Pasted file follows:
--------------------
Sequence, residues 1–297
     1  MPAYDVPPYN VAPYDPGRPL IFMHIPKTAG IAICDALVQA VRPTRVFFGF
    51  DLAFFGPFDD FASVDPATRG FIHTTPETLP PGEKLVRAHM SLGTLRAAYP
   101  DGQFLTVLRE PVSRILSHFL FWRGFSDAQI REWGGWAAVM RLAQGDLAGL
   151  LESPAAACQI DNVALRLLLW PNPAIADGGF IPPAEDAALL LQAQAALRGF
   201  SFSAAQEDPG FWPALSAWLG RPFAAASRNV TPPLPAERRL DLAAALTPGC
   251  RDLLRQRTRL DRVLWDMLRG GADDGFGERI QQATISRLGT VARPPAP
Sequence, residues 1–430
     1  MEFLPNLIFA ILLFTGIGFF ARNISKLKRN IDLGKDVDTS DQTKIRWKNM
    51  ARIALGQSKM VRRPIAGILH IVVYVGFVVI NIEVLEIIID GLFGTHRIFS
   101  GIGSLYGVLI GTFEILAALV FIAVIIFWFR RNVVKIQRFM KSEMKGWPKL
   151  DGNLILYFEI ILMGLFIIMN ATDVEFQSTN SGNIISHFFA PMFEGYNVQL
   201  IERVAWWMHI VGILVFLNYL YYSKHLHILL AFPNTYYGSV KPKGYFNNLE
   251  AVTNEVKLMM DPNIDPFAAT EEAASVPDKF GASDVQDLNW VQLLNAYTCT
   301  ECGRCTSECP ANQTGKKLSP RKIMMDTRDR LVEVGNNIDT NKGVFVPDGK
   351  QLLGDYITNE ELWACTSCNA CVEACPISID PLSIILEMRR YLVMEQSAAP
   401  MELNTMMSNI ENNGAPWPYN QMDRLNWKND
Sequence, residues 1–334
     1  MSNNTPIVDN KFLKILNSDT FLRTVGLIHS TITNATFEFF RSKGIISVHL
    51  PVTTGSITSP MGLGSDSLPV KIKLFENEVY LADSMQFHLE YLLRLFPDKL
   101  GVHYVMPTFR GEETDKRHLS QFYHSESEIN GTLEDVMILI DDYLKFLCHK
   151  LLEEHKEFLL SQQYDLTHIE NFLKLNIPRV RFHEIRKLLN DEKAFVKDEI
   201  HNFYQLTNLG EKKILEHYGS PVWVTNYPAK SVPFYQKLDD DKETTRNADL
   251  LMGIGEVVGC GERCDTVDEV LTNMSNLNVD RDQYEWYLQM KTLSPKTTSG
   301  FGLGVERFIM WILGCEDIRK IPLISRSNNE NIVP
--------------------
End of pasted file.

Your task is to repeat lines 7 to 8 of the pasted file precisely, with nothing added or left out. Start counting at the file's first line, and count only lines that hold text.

   251  RDLLRQRTRL DRVLWDMLRG GADDGFGERI QQATISRLGT VARPPAP
Sequence, residues 1–430